11/11/2004 12:00am, #31
Hey Don, if memory serves me correctly, wasn't the Stratsboug goat fest, an anonymous test in which supposedly hundreds of goats were shot with various calibers to see how quickly they would die? I remember reading some gun mag which pointed out the statistical unlikelyness of rounding up so many goats which fit into such a narrow weight range. (like 140-150 lbs though they were obviously using metric weights.) It was certainly some tantalizing bullshit.
Now Eric Haney, one of the founding members of Delta Force, says in his book "Inside Delta Force" (Delacorte Press, New York, 2002) that when testing a rifle bullet that would dump all of its energy in the target and not exit the terrorist's body, "we conducted empirical tests at various ranges on live goats. Nobody enjoyed shooting the animals, but since the testing was done to avoid killing innocent fellow humans, it seemed to carry a lesser weight in the great balance of things." (p. 244)
Basically they created a bullet that would dump its energy on inpact while losing its velocity rapidly up to a distance of 400 meters or so.
11/11/2004 4:37pm, #32
The military testing on animals are nothing new it happens all the time. As gross as many of the experiments are.
11/11/2004 5:02pm, #33
Does anybody know if the soldiers got to have "Cabrito" for chow?True civilization lies in the dominance of self and not in the dominance of other men.
Luther Standing Bear
11/11/2004 5:37pm, #34Originally Posted by Samuel Browning
11/11/2004 6:24pm, #35
Originally Posted by tkdan28
- Join Date
- Jun 2004
- Minneapolis/St. Paul, MN
TKDan has a smokin' avatar.
Last edited by Ashe; 11/11/2004 6:38pm at .
11/12/2004 11:11pm, #36
Animal tests, sure. Strasbourg Goat Tests, no. They're myths.
As for Delta Force developing rifle rounds that are effective at 400 yards, yet will not go through and through an unarmored human, that doesn't sound very likely. If it was achieved I would bet on some very big tradeoffs.
I've never heard of this round, and it ought to be famous by now if it can do that.
11/12/2004 11:54pm, #37
- Join Date
- Mar 2003
- angola, ny
- Liu Seong Gung Fu
Guy Savelli makes these claims on his Huc Chung Kun Tao website. http://www.worldkungfu.com/
I'm ashamed that he even calls it Kun Tao. He's a running joke in our class.
It's a shame that he's hiding behind the wall o' bullshido because he was considered to be one of DeThour's best, once upon a time."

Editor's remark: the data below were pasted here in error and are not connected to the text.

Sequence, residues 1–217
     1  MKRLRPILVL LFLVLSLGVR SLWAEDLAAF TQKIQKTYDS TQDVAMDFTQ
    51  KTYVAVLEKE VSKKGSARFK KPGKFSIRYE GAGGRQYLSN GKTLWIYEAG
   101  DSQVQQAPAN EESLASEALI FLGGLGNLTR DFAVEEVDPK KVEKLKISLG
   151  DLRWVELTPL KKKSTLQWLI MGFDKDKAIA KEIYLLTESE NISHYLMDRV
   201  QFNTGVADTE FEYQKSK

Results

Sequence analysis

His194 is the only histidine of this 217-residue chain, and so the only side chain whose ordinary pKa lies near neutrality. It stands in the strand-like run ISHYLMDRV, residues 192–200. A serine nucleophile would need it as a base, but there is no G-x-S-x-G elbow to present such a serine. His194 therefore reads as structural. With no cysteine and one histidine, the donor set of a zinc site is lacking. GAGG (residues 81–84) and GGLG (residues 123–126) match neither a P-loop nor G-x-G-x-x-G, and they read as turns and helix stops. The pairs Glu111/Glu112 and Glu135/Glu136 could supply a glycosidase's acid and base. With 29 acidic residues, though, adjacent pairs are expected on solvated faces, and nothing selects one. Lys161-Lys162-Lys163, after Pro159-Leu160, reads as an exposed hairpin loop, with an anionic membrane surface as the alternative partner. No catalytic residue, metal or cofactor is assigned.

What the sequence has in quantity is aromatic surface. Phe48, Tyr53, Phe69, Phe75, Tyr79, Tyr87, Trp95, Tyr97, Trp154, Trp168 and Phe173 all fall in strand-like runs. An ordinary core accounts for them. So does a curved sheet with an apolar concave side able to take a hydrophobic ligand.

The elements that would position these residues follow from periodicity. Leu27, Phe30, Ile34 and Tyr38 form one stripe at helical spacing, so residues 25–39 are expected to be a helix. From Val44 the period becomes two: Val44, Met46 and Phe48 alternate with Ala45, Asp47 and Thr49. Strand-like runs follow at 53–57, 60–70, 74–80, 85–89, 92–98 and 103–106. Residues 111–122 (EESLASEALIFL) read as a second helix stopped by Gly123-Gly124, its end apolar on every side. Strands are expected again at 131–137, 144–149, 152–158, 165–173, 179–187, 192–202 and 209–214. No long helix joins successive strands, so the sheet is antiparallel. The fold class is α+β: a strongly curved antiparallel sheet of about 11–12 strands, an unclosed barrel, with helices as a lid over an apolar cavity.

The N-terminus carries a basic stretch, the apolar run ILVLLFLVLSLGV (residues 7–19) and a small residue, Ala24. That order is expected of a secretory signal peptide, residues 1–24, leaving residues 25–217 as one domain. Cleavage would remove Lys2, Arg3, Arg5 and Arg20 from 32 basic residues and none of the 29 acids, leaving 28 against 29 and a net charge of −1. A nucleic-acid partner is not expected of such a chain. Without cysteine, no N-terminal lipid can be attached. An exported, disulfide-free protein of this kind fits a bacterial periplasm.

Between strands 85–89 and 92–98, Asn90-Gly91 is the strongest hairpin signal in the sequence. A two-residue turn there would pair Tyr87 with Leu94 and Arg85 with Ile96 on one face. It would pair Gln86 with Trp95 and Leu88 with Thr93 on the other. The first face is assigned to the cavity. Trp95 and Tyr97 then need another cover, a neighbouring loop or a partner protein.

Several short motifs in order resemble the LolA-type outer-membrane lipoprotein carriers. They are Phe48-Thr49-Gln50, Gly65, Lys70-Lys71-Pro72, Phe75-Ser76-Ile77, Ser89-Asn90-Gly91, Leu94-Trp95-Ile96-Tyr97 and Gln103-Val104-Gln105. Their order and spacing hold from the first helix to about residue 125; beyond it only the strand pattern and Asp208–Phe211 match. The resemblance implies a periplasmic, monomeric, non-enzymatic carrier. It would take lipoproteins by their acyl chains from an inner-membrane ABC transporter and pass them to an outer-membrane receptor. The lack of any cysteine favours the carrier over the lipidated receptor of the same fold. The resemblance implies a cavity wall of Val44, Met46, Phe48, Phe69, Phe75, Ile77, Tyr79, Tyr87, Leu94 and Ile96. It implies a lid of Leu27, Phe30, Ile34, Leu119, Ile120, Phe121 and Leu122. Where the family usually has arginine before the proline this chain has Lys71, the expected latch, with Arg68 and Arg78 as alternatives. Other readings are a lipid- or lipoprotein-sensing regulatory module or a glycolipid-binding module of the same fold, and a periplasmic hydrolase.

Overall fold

you have got your facts seriously mixed up.
how do you connect savelli with Dethouars?
which DeThoaurs are you talking about?
11/13/2004 8:08pm, #38
this has nothing to do with goats but i think it contributes to this topic:
i'm curious what's behind all this ... at least the author of this article claims that the author of the book isn't a fraud ... interesting at least ...
11/13/2004 8:22pm, #39
- Join Date
- Oct 2003
- 11 1/2 Dan in Roshambo
I was involved in the secret goat lab tests for the Government. FEMA would come and pick me up in a black helicopter and we would meet with the Trilateral Commission about the impending alien invasion. Seriously....just ask Art Bell.
11/13/2004 8:56pm, #40Originally Posted by Don Gwinn
"How do you kill one person out of a group at long range without harming anyone else? . . . . The answer came in the form of a bullet that was accurate and powerful, but would stay in the human body upon impact. We had done some experimentation during our first year and had come up with rife loads that solved this problem. By hand-loading a round with a lightweight, lightly constructed bullet driven at a very high velocity, we got an accurate round that would dump its energy on impact so rapidly and violantly, the bullet would stay in the body of the victim without exiting the other side. The trade off with the round was that its range was somewhat limited. Even though the bullet left the barrel at a very high speed, the same lightness that caused it to dump energy rapidly on impact also caused it to lose velocity rapidly. It performed admirably on shots to about four hundred meters or so." (p. 244) Haney then talks about testing the round on goats, see earlier quote.